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  40. Reviews-From Physics to Philosophy.Jeremy Butterfield, Constantine Pagonis & Michael Dickson - 2001 - British Journal for the Philosophy of Science 52 (2):397-400.
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  41. Modern Physics and Thomist Philosophy.E. F. Caldin - 1940 - The Thomist 2:208.
  42. Physics and Philosophy in Italy.Plero Caldirola - 1968 - In Raymond Klibansky (ed.), Contemporary Philosophy. Firenze, la Nuova Italia. pp. 2--223.
  43. The Philosophical Impact of Contemporary Physics.Milič Čapek - 1961 - Princeton: Van Nostrand.
  44. Divine Agency, Contemporary Physics, and the Autonomy of Nature.William E. Carroll - 2008 - Heythrop Journal 49 (4):582-602.
  45. Interpreting Bodies.Elena Castellani (ed.) - 1998 - Princeton University Press.
    Bewildering features of modern physics, such as relativistic space-time structure and the peculiarities of so-called quantum statistics, challenge traditional ways of conceiving of objects in space and time. Interpreting Bodies brings together essays by leading philosophers and scientists to provide a unique overview of the implications of such physical theories for questions about the nature of objects. The collection combines classic articles by Max Born, Werner Heisenberg, Hans Reichenbach, and Erwin Schrodinger with recent contributions, including several papers that have never (...)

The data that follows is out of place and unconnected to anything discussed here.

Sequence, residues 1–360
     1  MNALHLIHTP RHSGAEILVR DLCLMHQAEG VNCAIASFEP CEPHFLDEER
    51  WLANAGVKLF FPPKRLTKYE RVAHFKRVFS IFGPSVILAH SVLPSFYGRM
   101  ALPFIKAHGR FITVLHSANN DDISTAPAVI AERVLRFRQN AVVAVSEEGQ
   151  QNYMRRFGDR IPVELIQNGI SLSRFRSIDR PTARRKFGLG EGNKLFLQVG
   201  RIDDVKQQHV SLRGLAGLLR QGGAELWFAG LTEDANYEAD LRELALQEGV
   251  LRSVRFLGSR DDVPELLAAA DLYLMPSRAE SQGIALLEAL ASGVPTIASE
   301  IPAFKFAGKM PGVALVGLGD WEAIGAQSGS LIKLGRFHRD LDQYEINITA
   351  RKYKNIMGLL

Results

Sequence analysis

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  46. Our Fundamental Physical Space: An Essay on the Metaphysics of the Wave Function.Eddy Keming Chen - forthcoming - Journal of Philosophy.
    The mathematical structure of realist quantum theories has given rise to an interesting ongoing debate about how our ordinary 3-dimensional space is related to the 3N-dimensional configuration space on which the wave function is defined. Which of the two spaces is our fundamental physical space? In this essay, I review the debate between the 3N-Fundamentalists and the 3D-Fundamentalists. Instead of framing the debate as putting different weights on different kinds of evidence, I shall evaluate them on how they are overall (...)